sealing carpenter bee holes with caulking

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THANK YOU for the great info on these cute but annoying creatures who have infested my porch beams…..will spraying insulating foam sealant into the holes do the job of caulking or corks? If so, that would sort of reinforce the holes as well as trap the bees after spraying.  What should I do about the holes the bee has already sealed?  I assume the wasps loitering around are trying to get to the newly laid eggs at this time of the year and are establishing nests to be near to take advantage of the hatching bees in the fall.

Carpenter bee holes should be sealed with a CORKS or wood dowel and not caulking or expanding foam. The key is using something that seals the hole tight but keeps all the space inside open. This will allow hatching larvae to move about when they come out of their pupae casings. By having access to the entire egg chamber they’ll crawl through the DRIONE DUST and effectively pick up a lethal dose. If you used silicone caulking or expanding foam, they won’t be able to move over the treatment and the net result would be they’ll be forced to drill a new exit hole effectively missing the dust altogether. We see this happen many times when people hire painters or some other exterior finishing company who thinks they’re doing right by sealing the holes. But in the end, this will actually cause more of a problem.

I’m not sure about the “holes that are sealed”; carpenter bees will lay eggs and seal them up with food but again, if the voids of the main nest are left open, the treatment with DRIONE or PYGANIC will get them when they hatch since either dust lasts a long time (which is why it’s the only dust to use for this treatment :)

Also, I’m not sure about any wasps that might be hanging around either except that they might be looking to start their own nest like they are here at my house. But if you use the some of the Drione applied to cracks and crevices and then spray with the CYPERMETHRIN discussed in our WASP CONTROL article, you should be able to keep them away too. Lastly, I don’t know of any wasps that feed on carpenter bees and even if they did, it will be a long time before the eggs will be hatching so they’re in for a long wait if that’s why  they’re hanging around. My guess is they’re really just looking to make new nests in the same area and are a separate problem altogether.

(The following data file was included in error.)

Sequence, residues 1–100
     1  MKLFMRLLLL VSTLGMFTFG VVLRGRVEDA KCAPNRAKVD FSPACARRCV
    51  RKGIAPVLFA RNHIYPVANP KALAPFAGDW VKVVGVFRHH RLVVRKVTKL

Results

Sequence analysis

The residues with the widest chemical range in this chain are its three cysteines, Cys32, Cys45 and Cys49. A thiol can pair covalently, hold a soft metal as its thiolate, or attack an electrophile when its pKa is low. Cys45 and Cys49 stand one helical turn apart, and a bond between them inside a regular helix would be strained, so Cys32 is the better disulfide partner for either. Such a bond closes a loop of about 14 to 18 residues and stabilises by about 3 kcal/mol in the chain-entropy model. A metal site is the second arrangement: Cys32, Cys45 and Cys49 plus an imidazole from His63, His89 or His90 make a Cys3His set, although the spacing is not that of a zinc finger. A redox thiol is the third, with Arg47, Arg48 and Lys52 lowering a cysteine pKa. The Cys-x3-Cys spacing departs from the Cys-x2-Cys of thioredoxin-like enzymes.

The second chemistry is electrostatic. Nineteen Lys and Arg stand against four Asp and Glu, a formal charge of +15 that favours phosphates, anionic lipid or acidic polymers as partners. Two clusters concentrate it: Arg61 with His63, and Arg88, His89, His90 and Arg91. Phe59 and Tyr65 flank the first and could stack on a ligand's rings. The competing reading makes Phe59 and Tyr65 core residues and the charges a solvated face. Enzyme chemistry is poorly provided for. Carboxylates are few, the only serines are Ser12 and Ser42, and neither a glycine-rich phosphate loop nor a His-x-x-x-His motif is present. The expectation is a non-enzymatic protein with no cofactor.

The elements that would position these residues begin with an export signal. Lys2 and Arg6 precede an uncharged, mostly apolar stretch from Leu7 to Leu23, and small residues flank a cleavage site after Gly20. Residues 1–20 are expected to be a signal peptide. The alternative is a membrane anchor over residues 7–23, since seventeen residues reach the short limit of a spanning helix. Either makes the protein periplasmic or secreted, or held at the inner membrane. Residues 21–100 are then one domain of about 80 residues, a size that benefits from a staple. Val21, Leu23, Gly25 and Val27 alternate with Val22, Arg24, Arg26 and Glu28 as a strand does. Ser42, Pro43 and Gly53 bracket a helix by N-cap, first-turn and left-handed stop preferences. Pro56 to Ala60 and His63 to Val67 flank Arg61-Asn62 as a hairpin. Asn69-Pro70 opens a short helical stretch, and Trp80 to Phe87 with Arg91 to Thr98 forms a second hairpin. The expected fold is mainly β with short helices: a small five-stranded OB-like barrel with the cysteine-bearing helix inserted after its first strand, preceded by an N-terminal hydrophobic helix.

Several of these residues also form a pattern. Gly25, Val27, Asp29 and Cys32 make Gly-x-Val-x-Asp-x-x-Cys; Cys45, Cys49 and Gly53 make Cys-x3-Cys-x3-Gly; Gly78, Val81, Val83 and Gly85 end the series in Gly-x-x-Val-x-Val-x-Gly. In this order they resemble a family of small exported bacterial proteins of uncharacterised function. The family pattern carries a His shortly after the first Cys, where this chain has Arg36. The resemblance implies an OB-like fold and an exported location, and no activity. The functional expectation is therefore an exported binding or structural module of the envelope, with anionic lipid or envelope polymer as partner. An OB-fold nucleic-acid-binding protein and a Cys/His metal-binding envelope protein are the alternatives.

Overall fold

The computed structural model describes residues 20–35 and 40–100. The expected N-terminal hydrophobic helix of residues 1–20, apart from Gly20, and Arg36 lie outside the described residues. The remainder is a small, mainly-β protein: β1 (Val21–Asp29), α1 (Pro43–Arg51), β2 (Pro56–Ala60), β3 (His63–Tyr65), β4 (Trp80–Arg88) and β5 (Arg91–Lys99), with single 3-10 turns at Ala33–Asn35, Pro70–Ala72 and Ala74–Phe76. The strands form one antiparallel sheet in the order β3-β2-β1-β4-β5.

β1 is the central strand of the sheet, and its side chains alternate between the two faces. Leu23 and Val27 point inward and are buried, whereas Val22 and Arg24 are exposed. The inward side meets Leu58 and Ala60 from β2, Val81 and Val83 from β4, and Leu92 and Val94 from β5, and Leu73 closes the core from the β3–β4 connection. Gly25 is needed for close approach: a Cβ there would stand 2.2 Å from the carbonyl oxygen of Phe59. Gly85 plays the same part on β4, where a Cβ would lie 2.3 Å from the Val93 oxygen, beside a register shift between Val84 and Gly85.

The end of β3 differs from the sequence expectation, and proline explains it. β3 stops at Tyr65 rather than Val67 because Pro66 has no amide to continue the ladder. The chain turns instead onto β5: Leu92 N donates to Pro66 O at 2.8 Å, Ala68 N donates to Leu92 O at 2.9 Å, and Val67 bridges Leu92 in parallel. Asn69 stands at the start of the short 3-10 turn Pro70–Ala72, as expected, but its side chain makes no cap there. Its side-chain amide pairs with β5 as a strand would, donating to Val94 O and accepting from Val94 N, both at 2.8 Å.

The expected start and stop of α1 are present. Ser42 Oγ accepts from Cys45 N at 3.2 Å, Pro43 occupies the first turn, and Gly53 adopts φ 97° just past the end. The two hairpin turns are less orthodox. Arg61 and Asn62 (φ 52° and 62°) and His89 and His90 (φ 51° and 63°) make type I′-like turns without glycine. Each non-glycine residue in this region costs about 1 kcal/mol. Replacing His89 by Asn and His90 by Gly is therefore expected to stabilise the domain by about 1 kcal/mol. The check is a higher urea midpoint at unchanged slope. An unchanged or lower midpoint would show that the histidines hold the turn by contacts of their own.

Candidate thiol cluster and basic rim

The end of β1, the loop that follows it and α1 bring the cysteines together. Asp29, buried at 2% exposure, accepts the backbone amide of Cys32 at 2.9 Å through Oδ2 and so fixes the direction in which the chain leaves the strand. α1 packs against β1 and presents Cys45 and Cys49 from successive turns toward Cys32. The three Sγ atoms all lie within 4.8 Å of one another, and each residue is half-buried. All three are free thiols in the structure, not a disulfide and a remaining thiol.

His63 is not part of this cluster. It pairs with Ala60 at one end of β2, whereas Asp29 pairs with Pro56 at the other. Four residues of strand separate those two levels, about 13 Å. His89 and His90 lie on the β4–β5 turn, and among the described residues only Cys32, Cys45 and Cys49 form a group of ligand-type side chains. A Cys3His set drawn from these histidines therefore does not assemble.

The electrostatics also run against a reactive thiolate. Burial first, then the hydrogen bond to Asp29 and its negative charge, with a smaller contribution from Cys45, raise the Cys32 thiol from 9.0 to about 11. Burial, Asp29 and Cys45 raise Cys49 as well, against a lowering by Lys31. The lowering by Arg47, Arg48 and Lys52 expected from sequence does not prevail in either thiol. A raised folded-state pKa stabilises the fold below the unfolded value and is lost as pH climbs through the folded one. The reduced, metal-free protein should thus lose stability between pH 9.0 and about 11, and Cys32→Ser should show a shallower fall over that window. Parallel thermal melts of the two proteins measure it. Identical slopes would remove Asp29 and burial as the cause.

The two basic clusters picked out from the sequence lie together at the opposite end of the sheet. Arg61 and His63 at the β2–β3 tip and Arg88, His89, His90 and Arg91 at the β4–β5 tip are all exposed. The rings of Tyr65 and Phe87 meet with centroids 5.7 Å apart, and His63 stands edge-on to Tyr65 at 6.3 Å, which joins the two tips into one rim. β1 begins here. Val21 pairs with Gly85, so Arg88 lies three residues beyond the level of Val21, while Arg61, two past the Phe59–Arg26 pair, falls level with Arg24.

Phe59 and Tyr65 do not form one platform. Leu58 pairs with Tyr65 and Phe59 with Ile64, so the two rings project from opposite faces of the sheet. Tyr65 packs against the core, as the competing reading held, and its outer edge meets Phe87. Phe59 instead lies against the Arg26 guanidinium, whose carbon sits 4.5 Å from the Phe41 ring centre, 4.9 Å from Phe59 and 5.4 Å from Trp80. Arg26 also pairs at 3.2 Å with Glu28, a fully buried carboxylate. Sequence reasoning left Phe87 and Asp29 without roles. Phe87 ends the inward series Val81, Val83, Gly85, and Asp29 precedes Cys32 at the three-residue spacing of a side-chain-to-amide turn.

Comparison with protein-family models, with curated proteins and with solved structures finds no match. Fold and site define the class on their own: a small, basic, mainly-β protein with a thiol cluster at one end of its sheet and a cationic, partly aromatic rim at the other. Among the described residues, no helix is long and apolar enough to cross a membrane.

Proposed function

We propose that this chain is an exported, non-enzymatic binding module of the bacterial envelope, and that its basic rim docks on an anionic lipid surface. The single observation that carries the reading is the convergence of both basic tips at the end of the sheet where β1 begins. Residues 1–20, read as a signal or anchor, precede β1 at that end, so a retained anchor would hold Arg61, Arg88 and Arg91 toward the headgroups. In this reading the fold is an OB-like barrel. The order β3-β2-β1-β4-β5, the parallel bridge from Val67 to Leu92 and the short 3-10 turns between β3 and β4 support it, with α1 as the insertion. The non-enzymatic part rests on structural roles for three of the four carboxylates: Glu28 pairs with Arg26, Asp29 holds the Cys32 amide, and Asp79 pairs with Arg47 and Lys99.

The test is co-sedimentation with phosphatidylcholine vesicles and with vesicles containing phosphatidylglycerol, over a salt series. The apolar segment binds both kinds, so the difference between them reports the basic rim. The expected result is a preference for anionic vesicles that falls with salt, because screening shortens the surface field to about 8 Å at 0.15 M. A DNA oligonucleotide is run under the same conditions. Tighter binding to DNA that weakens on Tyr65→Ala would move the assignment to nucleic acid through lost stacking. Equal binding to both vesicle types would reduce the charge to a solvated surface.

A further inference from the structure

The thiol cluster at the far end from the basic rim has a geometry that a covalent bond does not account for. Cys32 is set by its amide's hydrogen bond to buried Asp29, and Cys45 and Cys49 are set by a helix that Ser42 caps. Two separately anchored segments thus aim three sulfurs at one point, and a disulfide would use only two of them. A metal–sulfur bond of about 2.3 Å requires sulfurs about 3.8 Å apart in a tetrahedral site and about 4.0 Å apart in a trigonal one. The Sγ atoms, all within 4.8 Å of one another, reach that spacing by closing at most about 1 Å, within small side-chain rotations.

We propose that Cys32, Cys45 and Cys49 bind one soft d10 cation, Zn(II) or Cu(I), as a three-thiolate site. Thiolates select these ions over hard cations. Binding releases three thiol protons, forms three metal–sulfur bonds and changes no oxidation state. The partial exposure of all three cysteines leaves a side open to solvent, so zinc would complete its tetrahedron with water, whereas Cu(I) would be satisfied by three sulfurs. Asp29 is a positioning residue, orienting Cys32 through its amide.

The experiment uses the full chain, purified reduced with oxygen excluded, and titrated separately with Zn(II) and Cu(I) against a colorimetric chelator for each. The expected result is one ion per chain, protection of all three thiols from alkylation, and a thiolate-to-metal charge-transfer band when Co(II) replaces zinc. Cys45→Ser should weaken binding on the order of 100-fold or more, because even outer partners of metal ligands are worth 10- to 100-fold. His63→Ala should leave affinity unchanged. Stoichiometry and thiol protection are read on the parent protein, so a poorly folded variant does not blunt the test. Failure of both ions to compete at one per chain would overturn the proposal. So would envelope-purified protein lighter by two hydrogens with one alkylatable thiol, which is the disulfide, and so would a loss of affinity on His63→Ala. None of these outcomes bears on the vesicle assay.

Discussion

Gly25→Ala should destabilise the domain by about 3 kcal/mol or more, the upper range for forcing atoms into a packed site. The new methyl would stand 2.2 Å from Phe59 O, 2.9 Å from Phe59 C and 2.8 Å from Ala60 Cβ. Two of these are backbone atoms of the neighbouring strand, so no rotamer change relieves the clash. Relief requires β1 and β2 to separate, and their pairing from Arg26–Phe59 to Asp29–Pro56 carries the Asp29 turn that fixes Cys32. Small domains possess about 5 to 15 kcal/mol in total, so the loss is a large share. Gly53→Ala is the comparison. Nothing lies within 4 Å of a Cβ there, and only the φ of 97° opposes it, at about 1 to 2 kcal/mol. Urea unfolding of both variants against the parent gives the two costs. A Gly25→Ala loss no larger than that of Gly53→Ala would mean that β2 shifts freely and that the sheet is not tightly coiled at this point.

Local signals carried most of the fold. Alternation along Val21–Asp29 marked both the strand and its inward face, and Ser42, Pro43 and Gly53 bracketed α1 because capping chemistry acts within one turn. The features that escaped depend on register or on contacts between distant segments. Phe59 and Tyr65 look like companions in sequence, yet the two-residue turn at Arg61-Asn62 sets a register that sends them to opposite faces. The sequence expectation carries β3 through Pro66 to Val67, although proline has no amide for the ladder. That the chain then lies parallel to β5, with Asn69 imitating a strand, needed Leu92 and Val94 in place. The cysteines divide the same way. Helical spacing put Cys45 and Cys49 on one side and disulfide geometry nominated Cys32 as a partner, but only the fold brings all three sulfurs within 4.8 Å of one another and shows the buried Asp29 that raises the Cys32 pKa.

Here are direct links to the information and products listed above:

Corks:  http://www.bugspraycart.com/equipment/equipment-plugs/cork-12

Drione:  http://www.bugspraycart.com/insecticide/dust/drione-dust

Pyganic Dust: http://www.bugspraycart.com/insecticide/dust/pyganic-dust-10-oz

Pyganic Dust:  http://www.bugspray.com/item/pyganic_dust.html

Cypermethrin: http://www.bugspraycart.com/insecticide/liquid/viper-cypermethrin

Wasp Control Article:  http://www.wasps.net/wasp-and-hornet-control

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Comments on sealing carpenter bee holes with caulking Leave a Comment

May 24, 2011

guest @ 2:57 pm #

I’ve watched several of your videos, of which I think are great, but I’m wondering what do you use to “seal” the hole with after treatment?
Thank you

Diane @ 3:36 pm #

Thank you for the quick response!

June 4, 2011

guest @ 8:52 am #

The hole’s that i’ve been finding are around the barn,house, and garage. When I see bees in them, I fill the hole with silicone caulk. Is that likely killing that bee? or, can it tunnel it’s way out the other way? And if it did kill that one. What about the eggs in the hole?

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